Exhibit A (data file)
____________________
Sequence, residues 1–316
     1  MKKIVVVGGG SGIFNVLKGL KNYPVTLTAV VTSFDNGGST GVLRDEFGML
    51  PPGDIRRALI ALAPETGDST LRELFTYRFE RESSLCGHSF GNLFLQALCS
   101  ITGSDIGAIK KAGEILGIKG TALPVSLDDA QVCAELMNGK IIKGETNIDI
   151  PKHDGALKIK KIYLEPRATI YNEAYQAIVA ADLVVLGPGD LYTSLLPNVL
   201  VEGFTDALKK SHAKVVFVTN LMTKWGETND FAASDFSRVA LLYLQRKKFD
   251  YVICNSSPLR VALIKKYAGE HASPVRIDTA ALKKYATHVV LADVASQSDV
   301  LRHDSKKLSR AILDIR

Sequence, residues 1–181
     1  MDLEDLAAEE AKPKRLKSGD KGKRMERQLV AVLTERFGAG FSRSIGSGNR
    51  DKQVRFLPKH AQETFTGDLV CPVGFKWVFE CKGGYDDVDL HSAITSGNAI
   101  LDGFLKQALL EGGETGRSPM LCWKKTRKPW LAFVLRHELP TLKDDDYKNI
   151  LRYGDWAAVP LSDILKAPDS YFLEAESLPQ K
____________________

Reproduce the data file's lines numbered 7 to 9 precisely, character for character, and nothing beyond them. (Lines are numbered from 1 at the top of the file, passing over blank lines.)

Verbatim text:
   251  YVICNSSPLR VALIKKYAGE HASPVRIDTA ALKKYATHVV LADVASQSDV
   301  LRHDSKKLSR AILDIR

Sequence, residues 1–181